The 28th annual Summer Fishtrap Gathering of Writers examined “Hidden From History: Stories We Haven’t Heard, Stories We Haven’t Told.”
April Baer: Do you ever feel you’re in a position of trying to make sense of things that are inherently insensible?
Roberta Conner: Absolutely. Not only are many of the stories we’re trying to tell incomprehensible or unfathomable — for example, explaining to fourth-graders what it’s like to be from a place for more then 10,000 years. We’re trying to use contemporary language with a contemporary audience in a contemporary setting and share ancient teachings. That’s quite a leap.
Baer: You were invited to Fishtrap this year to talk about the stories of native people, and what happens when those stories are told by white people. What kind of stories do we get when the narrative is woven through white worldview and white language?
Conner: I think you get an abbreviated story. I guess I have to confess from the point at which the story stops being told in the native language, it’s already a changed story. Then it’s even further changed to fit the time-frame permitted. Our stories take a long time to tell when they’re told well. It’s even more changed because often it’s cleaned up for the audience it’s being told to, mixed company, small children. That’s not bad, that’s not good, it’s just very different.
Baer: What hidden stories speak most deeply to you?
Conner: I have a couple of stories — I’m not sure if they’re hidden — they may be lost to time. One is related to the Cayuse Five. After the bloodshed that followed the Whitman killing from 1847 to 1850, a council of Cayuse and Nez Perce men agreed to surrender 13 meant to the Oregon Territorial government, to stop the bloodshed.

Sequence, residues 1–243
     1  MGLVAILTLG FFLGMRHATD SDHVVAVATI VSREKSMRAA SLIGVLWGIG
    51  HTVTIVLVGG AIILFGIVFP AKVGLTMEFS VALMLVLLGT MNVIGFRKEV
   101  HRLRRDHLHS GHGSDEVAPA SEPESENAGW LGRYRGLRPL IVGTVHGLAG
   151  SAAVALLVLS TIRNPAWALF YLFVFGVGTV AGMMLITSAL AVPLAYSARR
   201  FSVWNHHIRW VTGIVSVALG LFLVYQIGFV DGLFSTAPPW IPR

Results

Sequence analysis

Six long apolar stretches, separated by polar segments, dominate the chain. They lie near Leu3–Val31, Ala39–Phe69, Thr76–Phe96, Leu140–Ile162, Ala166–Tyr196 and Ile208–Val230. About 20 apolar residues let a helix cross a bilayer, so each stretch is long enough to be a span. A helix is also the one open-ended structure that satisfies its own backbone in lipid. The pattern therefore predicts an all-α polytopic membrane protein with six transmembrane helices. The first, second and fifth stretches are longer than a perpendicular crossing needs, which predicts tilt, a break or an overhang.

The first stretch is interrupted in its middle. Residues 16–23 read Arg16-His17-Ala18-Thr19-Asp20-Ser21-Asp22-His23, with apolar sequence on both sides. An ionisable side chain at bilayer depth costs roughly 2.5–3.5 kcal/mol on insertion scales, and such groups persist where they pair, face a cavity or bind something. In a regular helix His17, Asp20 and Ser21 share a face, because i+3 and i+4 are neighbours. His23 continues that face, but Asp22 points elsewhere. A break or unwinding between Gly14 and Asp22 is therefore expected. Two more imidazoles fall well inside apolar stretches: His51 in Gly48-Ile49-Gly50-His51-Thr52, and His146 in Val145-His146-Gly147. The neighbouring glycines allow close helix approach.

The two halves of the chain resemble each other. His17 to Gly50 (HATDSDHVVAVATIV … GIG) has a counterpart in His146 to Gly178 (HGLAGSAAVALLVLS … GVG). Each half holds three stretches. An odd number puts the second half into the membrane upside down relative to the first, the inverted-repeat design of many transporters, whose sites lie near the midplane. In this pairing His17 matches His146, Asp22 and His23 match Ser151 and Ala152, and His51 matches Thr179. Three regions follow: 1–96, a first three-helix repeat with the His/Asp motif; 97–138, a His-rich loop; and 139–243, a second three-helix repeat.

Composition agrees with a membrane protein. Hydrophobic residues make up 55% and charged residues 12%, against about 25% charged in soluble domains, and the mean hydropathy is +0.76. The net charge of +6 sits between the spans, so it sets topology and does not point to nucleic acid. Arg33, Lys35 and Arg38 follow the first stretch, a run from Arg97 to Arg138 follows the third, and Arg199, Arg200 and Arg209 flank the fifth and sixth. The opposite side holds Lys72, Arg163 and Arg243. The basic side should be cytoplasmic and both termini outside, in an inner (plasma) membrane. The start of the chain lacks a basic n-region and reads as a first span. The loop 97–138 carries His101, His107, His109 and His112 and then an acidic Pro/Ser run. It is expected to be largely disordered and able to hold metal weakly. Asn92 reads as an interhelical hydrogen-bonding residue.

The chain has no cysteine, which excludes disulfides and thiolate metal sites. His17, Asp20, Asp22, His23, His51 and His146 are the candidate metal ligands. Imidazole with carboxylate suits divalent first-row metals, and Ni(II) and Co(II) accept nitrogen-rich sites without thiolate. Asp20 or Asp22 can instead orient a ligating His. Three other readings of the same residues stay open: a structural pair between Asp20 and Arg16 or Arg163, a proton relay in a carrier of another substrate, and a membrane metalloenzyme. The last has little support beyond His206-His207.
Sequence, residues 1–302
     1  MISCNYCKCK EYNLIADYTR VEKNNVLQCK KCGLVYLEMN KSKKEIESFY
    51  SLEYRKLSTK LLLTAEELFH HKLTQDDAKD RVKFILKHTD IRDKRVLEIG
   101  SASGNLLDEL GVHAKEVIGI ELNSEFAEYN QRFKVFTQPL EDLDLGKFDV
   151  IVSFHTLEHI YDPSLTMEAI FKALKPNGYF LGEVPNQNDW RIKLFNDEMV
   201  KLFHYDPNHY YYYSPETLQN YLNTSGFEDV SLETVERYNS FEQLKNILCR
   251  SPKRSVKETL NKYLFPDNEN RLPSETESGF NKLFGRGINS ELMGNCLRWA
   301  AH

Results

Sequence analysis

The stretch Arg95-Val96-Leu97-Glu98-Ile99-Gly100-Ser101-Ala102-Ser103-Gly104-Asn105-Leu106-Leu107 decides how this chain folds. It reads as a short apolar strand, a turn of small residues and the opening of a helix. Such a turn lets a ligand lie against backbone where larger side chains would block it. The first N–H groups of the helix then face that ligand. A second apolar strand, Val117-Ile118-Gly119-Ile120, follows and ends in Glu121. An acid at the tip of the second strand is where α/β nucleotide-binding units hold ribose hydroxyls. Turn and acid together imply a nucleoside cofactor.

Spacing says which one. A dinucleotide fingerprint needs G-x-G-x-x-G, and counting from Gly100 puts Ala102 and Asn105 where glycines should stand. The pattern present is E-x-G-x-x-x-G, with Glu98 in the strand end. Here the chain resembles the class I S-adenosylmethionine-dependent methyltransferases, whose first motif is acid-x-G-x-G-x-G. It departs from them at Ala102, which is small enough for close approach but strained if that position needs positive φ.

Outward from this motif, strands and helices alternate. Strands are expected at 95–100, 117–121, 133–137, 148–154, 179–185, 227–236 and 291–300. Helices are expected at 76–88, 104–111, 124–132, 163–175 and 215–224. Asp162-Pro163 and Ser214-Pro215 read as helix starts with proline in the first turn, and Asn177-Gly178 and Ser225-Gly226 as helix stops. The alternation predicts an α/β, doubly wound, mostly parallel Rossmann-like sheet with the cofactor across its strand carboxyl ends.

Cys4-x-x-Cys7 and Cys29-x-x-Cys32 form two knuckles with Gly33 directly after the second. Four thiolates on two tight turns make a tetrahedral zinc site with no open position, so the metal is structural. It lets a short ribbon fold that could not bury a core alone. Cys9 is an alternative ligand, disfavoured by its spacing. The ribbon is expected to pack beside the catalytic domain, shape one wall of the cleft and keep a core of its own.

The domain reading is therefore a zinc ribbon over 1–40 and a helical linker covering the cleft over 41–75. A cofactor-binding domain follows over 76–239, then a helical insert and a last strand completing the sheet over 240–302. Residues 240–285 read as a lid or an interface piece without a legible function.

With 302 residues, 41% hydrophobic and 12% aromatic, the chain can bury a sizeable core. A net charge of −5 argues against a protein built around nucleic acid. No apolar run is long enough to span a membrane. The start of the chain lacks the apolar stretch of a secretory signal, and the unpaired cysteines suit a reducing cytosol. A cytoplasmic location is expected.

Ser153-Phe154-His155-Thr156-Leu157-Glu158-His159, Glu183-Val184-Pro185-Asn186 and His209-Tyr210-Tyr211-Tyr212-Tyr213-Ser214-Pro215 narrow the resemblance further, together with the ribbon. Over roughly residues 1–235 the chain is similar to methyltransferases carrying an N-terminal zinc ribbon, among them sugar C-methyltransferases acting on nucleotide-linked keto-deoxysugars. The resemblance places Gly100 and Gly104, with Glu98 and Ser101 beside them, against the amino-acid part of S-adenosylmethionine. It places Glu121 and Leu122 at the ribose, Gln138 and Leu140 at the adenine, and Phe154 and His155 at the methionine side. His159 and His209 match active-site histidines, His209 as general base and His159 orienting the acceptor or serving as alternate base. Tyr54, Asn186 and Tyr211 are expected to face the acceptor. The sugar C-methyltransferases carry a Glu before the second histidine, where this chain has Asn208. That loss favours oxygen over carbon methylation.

The five men are tried in what’s been described as a carnival-like atmosphere in Oregon City … sentenced and hanged in 1850, and buried there. What no one has been able to tell me is the names of the eight men who were not tried … who were willing to give their lives to stop the bloodshed, I don’t know their names. And I’d like to know their names.
Baer: What stories are most important to tell about this place?
Conner: Most importantly the story of this place. The Wallowa country is magnificent. People are amazed when they come here. Every time I have to leave this country to my other home on the Umatilla Reservation, I have a pining. It’s not so tough now that I know I’m just going over the hill and can come back anytime.
But when I lived in California and Denver and Washington, D.C., leaving this place was really hard. This place is a place of abundance and richness, in story, in culture, and in resources. I have watched other tribal people who came back here to visit after being gone for three and four generations, and have been experiencing the longing exile brings. Witnessing those people coming to this valley for the first time, after being out of this land for a hundred years, exiled to the Colville Country, and watching them cry. They were experiencing the beauty that had been described to them, becoming real. Understanding the anguish and sentiments that go with that is pretty incredible.